If you want to put on the best track meet in the United States, Eugene is an obvious choice. If you want to expand the reach of the sport in the United States, it is not the best choice. Only locals or fans willing to make a long pilgrimage could have attended. Both of those groups are composed of people track and field already has.
This week, Lyles overheard a local resident say, “I know this is the world championships, but I’m all tracked out.” Since May, Hayward Field had hosted the Prefontaine Classic, the NCAA championships and the U.S. championships. The frequency of major events may have spread local enthusiasm out.
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“We knew there was a risk,” Coe said. “I do politely make the point there weren’t a lot of options available. There should have been, and we should have engaged earlier.”
Coe wished more cities had engaged with USATF, but only Eugene pushed to host after World Athletics made clear it wanted to bring the event to the United States. World Athletics changed its host city selection process and could now engage directly with a possible city rather than only a country’s governing body, Coe said.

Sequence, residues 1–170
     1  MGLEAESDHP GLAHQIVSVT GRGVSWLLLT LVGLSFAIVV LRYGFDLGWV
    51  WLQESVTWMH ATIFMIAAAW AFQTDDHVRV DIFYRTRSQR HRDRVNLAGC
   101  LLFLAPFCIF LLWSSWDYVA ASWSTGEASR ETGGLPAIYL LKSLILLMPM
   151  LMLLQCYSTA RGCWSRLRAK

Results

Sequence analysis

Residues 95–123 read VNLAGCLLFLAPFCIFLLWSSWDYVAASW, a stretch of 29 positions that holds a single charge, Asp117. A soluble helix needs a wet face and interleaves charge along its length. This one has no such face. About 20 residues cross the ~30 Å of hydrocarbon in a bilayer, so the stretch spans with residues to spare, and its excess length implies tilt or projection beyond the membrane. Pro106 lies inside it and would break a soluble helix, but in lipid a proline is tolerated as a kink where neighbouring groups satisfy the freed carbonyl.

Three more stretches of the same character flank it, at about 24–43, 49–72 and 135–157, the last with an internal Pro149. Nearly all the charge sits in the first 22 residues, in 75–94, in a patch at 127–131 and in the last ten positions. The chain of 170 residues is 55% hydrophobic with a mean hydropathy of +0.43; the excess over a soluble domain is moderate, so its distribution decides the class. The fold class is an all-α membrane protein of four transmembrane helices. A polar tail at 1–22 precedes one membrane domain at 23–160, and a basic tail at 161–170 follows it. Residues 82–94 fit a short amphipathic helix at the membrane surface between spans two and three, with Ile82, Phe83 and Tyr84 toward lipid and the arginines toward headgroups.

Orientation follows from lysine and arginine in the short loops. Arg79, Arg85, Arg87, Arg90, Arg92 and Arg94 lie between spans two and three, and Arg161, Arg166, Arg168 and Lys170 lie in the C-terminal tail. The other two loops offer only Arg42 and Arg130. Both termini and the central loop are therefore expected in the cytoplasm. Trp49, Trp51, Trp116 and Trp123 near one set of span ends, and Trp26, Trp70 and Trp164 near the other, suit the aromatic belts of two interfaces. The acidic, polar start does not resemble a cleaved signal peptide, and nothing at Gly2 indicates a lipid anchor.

“We can’t keep relying on Eugene to be our epicenter of track and field,” Lyles said. “There are other places we can go. When we went to New York for the Grand Prix [in early June], their interaction was just as strong as the interaction I had at Prefontaine. We don’t have to have everything in Eugene. We can get the same interaction in other places. We just to have to market and get people knowing we’re going there.”
World Athletics is trying to help in a country it believes, Coe said, has not always marketed track and field well. World Athletics and USATF have formed an initiative called “Project USA” to increase popularity here. As part of that, World Athletics is funding a documentary in the style of “Drive to Survive,” the Netflix hit that spurred a surge of popularity in Formula One car racing.